A Florida man who piloted his one-person aircraft through some of the nation's most restricted airspace and landed on the lawn of the U.S. Capitol entered a guilty plea in the case Friday.
Douglas Hughes' plea in federal court in Washington had been expected. Earlier this month, Hughes told The Associated Press that he had agreed to plead guilty to a felony, operating a gyrocopter without a license.
"I have always accepted that there would be consequences for what I did," Hughes -- who has called the April 15 stunt a way to call attention to the influence of big money in politics -- told The AP.
The charge carries a potential three years in prison, but prosecutors agreed not to ask for more than 10 months in prison as part of the plea deal, Hughes' attorney Mark Goldstone has said.
Hughes' attorney has said he will ask for probation in the case. Sentencing is set for April 13.
Hughes -- who is from Ruskin, Florida -- was arrested after flying the bare-bones aircraft from Gettysburg, Pennsylvania, to Washington.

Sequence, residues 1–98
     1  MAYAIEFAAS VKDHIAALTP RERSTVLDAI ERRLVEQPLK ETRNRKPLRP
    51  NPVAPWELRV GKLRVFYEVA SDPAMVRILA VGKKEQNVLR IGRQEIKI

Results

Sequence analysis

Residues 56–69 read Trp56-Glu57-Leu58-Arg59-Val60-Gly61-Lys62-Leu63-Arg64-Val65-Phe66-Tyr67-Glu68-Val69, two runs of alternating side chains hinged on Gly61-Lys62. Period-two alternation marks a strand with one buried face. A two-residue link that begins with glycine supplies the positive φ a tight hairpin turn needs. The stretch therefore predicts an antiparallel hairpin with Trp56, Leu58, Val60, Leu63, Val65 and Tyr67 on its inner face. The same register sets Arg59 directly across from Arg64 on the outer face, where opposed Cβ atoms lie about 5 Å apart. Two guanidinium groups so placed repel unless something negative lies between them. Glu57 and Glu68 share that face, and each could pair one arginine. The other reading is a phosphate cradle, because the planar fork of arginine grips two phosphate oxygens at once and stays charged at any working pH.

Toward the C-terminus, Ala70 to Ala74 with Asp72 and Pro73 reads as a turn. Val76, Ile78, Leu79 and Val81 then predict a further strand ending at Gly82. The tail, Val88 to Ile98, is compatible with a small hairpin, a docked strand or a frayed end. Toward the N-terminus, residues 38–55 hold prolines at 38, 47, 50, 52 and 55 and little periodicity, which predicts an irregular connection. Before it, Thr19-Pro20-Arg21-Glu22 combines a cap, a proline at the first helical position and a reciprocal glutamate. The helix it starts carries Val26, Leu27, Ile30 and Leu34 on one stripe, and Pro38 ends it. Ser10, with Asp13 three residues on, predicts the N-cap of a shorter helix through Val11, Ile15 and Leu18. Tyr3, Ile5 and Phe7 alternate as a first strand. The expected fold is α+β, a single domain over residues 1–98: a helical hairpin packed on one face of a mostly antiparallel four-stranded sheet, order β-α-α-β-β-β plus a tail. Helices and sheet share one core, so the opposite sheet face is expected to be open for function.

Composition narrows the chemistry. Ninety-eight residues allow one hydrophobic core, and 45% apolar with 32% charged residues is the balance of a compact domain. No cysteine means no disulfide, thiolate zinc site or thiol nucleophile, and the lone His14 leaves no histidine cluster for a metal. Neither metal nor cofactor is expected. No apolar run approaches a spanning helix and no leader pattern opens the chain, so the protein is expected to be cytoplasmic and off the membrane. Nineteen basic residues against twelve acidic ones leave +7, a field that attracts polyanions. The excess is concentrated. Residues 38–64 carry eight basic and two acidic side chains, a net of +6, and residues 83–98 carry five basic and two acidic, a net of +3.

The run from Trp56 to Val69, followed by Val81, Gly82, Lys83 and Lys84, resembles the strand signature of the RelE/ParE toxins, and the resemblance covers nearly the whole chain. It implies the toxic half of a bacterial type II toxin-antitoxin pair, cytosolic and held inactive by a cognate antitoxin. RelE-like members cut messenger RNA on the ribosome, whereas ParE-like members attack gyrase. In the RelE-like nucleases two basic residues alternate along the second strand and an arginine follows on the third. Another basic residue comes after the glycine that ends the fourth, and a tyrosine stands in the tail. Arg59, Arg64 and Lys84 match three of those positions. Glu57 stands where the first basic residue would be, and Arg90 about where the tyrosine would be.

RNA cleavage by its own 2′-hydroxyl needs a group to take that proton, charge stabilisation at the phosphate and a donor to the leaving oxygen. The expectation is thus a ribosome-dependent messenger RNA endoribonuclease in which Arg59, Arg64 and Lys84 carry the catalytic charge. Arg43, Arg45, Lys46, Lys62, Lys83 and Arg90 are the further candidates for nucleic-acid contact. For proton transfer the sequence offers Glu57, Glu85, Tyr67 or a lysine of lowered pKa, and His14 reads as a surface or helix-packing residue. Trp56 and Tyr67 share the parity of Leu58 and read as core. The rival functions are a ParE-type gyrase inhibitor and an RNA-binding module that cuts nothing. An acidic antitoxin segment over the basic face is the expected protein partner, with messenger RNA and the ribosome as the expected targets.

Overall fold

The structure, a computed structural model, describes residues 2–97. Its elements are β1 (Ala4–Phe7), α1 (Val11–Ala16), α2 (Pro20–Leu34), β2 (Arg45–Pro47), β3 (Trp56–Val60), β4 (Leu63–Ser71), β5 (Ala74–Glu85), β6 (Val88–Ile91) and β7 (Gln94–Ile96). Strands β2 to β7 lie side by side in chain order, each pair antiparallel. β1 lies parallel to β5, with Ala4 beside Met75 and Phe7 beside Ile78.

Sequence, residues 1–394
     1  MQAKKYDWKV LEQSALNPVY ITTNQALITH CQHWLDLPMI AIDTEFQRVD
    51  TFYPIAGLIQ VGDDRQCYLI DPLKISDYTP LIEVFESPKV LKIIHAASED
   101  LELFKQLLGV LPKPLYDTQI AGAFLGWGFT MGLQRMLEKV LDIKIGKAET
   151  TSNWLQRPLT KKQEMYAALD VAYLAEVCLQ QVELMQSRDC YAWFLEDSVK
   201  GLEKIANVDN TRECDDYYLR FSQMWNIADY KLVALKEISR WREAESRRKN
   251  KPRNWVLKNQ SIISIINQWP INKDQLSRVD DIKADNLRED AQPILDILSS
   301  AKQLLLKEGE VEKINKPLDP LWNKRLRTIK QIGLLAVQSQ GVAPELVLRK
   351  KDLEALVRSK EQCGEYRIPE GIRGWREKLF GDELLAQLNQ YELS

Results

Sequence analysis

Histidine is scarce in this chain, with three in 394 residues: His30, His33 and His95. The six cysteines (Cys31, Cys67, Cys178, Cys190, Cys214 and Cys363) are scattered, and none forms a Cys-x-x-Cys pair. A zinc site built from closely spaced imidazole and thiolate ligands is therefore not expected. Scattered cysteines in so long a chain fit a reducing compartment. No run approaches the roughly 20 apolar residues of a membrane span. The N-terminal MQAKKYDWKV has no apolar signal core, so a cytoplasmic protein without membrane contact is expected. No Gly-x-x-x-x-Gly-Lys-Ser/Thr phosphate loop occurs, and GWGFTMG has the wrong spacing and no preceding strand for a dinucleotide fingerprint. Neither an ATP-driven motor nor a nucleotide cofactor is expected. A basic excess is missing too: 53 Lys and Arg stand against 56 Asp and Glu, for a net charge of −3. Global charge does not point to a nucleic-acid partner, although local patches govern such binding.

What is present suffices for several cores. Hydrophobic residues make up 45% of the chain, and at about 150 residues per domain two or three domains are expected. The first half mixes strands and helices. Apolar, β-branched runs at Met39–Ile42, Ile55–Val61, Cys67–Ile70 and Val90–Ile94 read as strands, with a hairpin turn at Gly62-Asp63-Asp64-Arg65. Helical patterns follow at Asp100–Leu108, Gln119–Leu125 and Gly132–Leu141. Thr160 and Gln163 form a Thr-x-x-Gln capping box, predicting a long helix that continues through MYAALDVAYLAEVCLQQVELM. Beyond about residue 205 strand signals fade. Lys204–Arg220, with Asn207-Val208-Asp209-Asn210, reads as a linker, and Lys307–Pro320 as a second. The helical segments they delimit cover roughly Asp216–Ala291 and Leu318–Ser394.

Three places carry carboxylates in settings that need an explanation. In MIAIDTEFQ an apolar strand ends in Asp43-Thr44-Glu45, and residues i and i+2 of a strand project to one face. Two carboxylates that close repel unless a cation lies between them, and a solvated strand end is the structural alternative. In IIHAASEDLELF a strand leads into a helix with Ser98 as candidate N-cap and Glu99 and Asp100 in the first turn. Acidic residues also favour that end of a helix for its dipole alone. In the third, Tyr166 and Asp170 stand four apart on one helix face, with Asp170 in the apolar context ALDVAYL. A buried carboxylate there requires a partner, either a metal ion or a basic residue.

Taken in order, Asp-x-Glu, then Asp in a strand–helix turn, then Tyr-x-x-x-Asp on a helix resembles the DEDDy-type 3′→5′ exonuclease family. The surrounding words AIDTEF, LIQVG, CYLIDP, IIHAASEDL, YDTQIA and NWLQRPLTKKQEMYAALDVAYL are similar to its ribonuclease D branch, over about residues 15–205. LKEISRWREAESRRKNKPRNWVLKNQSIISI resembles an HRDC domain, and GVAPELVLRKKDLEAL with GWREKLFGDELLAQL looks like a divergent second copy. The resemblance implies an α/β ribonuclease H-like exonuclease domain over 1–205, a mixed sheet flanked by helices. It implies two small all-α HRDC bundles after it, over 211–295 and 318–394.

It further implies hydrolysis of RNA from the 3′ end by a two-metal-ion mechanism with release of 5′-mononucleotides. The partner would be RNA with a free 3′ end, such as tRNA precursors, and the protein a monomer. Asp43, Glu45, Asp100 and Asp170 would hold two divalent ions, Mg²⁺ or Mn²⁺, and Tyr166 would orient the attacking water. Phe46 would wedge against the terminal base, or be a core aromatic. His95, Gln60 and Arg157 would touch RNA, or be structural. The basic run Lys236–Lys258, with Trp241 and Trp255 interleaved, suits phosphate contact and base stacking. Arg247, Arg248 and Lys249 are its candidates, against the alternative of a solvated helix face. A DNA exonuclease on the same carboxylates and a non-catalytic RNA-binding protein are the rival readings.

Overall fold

Hughes was a mail carrier at the time, and he was carrying letters for each member of Congress and had a Postal Service logo on the tail section of his gyrocopter. He passed through some of America's most restricted airspace before landing on the West Lawn of the Capitol. The flight "exposed major flaws" in the capital's air defense system, Hughes' lawyer said.
Hughes was initially charged with offenses that carried a potential of 9.5 years in prison.
Hughes has said that he lost his job as a postal worker after the flight and that after he resolves his criminal case, he hopes to work as an activist and continue to speak out against money in politics.